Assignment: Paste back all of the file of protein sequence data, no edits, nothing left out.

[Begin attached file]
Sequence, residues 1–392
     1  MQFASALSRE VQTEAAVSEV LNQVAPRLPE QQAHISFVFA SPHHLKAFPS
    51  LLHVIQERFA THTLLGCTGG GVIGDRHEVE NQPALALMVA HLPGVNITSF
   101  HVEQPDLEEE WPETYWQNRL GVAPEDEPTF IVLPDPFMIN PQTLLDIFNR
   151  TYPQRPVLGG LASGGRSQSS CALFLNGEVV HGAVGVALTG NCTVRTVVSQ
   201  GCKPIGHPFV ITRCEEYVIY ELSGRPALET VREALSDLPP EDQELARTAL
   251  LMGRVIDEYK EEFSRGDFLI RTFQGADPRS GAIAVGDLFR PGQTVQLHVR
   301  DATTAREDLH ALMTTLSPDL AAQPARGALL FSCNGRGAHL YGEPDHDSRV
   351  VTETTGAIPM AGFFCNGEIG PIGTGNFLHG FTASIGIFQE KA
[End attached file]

Sequence, residues 1–392
     1  MQFASALSRE VQTEAAVSEV LNQVAPRLPE QQAHISFVFA SPHHLKAFPS
    51  LLHVIQERFA THTLLGCTGG GVIGDRHEVE NQPALALMVA HLPGVNITSF
   101  HVEQPDLEEE WPETYWQNRL GVAPEDEPTF IVLPDPFMIN PQTLLDIFNR
   151  TYPQRPVLGG LASGGRSQSS CALFLNGEVV HGAVGVALTG NCTVRTVVSQ
   201  GCKPIGHPFV ITRCEEYVIY ELSGRPALET VREALSDLPP EDQELARTAL
   251  LMGRVIDEYK EEFSRGDFLI RTFQGADPRS GAIAVGDLFR PGQTVQLHVR
   301  DATTAREDLH ALMTTLSPDL AAQPARGALL FSCNGRGAHL YGEPDHDSRV
   351  VTETTGAIPM AGFFCNGEIG PIGTGNFLHG FTASIGIFQE KA